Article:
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Dark-skinned Beauties: Do You Really Need a Sunscreen?

Dark-skinned Beauties: Do You Really Need a Sunscreen?

If you're caring for African American skin, do you really need a sunscreen? The short answer is ‘yes’, but before we address that conclusion, let’s examine the basic science behind protecting your skin. UVA and UVB Rays The sunlight that reaches the Earth’s surface consists of two types of harmful rays: long wave ultraviolet A (UVA) and short wave ultraviolet B (UVB). Concerns about the erosion of the earth’s protective ozone layer also reinforce the increasing need to protect against these rays. UVA rays account for 95% of all UV radiation and penetrate the skin more deeply than UVB rays. UVA rays cause skin aging (photoaging), age spots and wrinkling, and - more insidiously – play a major part in the initiation and worsening of skin cancer. UVA rays are present with equal intensity regardless of location, time of year – and they can penetrate clouds and glass. UVB rays are more intense than UVA rays and in addition to activating photoaging, its rays are associated with burning. The intensity of UVB rays varies by season, location and time of day, and rays do not significantly penetrate glass. Most dermatologists advise that the most damaging UVB rays occur between 10am and 4pm. Skin Cancer Concerns Black and dark-skinned people are significantly less likely to develop skin cancer than their fair-skinned or white counterparts. According to a study conducted by the Centers for Disease Control and Protection (CDC), in 2012, 16 in 100,000 white females developed skin cancer, compared to only 1 in 100,000 black females. However, when a skin melanoma (a cancerous tumor) is discovered in African-Americans (typically on the head or neck), it is often more advanced and/or fatal because the patient is more likely to not have been a sunscreen user. That's a good reason to make sunscreen for black skin a priority. Sunscreen Ratings Sunscreens are classified by an SPF number. SPF stands for Sun Protection Factor; the number refers to the cream’s ability to deflect UVB rays only, and is calculated by comparing the amount of time needed to burn sunscreen-protected skin versus unprotected skin. The best sunscreens are defined as being Broad Spectrum sunblocks, which means they effectively protect against both UVA and UVB rays. Most dermatologists agree that because of their greater melanin levels, African-Americans and other dark-skinned peoples have a natural in-built SPF13.4 protection (paler whiter skin has about 3.4), with everyone else fitting somewhere along the spectrum. However, no-one’s natural SPF is enough to ward off skin damage so black people, generally, should wear at least a SPF 15 sunscreen daily. Black Skin Care: Choosing a Sunscreen If you're selecting sunscreen for black skin, here are four key questions to ask.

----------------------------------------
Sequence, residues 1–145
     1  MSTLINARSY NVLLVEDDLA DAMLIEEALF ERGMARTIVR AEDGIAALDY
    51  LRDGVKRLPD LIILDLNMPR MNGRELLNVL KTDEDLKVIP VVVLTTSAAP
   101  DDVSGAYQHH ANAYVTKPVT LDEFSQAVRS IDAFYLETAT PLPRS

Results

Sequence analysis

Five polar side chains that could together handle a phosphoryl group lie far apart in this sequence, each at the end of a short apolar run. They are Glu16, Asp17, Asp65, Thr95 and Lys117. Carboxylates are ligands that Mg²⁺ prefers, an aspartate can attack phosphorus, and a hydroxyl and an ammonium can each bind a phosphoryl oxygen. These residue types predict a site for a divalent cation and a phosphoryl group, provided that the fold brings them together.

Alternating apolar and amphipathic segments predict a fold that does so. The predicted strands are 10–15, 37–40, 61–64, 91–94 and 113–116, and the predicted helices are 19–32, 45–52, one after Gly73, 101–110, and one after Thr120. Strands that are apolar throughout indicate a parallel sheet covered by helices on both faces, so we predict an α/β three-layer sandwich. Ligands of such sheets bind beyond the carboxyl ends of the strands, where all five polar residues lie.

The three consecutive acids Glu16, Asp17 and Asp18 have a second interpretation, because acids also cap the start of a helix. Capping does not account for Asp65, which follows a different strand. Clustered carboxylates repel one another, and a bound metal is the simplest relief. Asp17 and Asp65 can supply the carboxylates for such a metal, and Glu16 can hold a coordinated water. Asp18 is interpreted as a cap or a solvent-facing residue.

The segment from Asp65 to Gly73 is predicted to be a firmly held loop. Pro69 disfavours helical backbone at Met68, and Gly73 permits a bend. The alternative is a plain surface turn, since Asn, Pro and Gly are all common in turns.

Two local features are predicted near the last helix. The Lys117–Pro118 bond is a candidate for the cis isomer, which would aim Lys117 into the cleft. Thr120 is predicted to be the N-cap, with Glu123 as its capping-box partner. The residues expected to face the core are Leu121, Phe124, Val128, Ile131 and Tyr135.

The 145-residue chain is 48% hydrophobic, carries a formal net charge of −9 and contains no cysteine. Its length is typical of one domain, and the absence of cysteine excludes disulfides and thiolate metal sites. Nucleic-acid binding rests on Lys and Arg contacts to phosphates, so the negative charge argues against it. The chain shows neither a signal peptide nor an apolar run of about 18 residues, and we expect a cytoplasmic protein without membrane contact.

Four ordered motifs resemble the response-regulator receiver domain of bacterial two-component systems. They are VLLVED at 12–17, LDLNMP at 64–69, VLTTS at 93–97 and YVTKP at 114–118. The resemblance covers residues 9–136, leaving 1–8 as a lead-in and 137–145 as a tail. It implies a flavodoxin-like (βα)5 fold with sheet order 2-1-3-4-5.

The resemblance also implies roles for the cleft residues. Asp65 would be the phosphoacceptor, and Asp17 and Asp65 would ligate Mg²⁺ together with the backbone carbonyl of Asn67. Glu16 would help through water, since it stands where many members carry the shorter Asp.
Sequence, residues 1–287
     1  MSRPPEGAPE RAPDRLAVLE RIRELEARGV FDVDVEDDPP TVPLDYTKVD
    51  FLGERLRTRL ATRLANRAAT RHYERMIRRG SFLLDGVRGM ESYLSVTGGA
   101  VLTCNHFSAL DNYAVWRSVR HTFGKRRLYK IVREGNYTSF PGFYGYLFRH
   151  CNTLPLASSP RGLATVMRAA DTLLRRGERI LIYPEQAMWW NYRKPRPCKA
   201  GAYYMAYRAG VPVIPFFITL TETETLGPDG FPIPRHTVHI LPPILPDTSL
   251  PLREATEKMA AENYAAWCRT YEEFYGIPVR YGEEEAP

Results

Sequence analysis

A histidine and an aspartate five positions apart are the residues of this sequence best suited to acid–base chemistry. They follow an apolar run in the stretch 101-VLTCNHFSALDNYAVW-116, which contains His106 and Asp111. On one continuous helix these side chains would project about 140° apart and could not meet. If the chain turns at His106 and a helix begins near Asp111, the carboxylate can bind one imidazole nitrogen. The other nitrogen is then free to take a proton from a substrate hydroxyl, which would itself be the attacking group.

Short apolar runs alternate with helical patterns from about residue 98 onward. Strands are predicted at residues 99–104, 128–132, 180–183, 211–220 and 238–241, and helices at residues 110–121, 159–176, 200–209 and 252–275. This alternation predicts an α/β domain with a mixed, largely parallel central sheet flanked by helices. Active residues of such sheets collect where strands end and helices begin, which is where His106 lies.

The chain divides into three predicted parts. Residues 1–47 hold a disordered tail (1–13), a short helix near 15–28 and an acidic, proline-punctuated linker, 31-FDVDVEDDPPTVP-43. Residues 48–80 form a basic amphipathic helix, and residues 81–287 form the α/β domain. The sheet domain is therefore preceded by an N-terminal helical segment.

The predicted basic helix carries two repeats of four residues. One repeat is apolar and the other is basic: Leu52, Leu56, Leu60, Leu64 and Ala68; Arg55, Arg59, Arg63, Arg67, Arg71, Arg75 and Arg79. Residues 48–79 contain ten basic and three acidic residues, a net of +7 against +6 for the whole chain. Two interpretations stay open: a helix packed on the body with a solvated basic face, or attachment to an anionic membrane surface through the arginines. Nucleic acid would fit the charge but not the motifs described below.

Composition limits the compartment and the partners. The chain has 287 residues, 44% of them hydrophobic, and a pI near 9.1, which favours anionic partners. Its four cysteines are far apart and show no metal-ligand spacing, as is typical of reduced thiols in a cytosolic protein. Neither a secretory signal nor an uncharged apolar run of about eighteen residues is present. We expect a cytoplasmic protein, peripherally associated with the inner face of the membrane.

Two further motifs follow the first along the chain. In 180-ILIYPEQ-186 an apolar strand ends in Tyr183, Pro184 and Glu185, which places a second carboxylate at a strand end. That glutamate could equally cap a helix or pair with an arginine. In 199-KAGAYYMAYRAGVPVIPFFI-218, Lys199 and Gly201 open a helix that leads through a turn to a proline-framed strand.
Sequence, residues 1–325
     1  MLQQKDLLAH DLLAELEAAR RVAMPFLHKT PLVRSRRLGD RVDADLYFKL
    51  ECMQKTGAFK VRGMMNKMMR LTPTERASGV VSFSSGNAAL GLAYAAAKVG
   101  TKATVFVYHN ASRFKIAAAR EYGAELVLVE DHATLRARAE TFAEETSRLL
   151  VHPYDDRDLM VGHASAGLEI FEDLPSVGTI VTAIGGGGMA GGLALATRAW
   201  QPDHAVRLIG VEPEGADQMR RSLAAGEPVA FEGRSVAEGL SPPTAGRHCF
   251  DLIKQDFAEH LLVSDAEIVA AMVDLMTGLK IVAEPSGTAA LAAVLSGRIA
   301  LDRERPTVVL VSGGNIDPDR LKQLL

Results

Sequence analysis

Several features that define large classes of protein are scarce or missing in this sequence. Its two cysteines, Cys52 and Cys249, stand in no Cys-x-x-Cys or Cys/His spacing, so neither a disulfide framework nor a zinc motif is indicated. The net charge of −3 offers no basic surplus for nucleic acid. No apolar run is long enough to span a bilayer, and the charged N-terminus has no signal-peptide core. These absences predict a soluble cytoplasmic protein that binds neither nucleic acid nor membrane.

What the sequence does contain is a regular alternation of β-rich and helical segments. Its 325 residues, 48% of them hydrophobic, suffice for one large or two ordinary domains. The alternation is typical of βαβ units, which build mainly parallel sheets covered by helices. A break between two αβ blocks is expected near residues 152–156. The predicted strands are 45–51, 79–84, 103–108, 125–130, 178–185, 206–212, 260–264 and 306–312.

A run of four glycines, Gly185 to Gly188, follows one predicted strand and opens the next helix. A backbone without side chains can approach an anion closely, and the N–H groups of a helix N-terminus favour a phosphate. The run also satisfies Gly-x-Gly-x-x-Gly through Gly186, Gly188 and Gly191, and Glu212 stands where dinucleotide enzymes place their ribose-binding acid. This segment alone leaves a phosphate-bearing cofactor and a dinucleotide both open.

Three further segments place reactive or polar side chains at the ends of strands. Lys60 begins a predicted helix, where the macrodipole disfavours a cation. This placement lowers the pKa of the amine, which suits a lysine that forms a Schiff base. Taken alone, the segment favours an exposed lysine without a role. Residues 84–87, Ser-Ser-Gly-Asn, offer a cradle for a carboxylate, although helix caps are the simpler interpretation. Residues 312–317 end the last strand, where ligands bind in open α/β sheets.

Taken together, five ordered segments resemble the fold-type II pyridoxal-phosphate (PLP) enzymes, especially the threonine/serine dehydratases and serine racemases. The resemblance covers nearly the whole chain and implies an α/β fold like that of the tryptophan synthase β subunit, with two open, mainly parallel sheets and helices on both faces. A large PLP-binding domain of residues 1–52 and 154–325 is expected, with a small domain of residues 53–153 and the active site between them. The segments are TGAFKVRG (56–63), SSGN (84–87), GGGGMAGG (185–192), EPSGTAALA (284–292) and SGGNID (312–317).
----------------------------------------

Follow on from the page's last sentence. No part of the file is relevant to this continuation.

• What kind of climate are you dealing with? You can get sun damage in any climate, but if you are living or spending time in a hot, tropical location, sunscreen is crucial. Apply SPF 30 as a minimum. Be advised, though, that UVB rays can also be very damaging at high altitudes and on reflective surfaces like snow or ice, so if you’re embarking on a skiing getaway, pack the sunscreen – those white slopes will bounce back up to 80% of the sun’s rays, which means you’re getting a double dose.
  • What are your daily habits? Do you walk to work? Drive in the sun? Live or work at the beach? Work outdoors in all types of weather? For black people, 30 minutes of unprotected sun exposure daily is not damaging and is in fact beneficial in terms of preserving levels of Vitamin D. Darker skins however, are more prone to hyperpigmentation and sun exposure can exacerbate the problem, making it harder to get rid of dark marks. Black women are also vast consumers of toning and bleaching creams. The use of these creams (whether doctor-supervised or otherwise) makes our skin vulnerable, so it is essential to apply sunblock over these treated areas. It is easy to neglect the delicate skin of your chest, and your hands (knuckles, in particular - while gripping a steering wheel, for example - may take the brunt of sun exposure).
  • What is your skin type? Are you acne prone? Dermatologists advise that many over-the-counter sunscreens – especially those that claim to be ‘water resistant’ - contain products that can irritate acne-prone skin. In some cases, they are hard to wash off, leading to over-cleansing - further aggravating acne and the cycle of hyperpigmentation . Look for UVA/UVB sunscreens that are oil-free, or better yet, consult your dermatologist for a medical grade formulation. Mineral sunscreens, which contain titanium dioxide and zinc oxide to combat UVA/UVB rays, can also clog pores. (If you have had breakouts from mineral foundations/powders, you may want to consider avoiding mineral sunscreens.)
  • What is your complexion/skin tone/skin texture? This is key. Black people’s skin comes in an astonishing wide range of shades and textures, so what absorbs wonderfully into your sister’s skin may not absorb as wonderfully on you. SPF creams which contain significant amounts of zinc or titanium oxide are usually thick and very white. When applied to dark skin, they often leave behind an unattractive, blue/grey residue; and - irritatingly – if applied under your favorite foundation may sabotage your finished look.
Ultimately, we black women (folk) should embrace sunscreen use as a two-pronged strategy: to ward off skin cancer, but more importantly, as part of our anti-aging/beauty routine to love and protect that beautiful dark skin we’re in. That's it for this week. As always ... Dedicated to Your Beauty Juliette Samuel Esthetician/Author/Publisher Nyraju Skin Care
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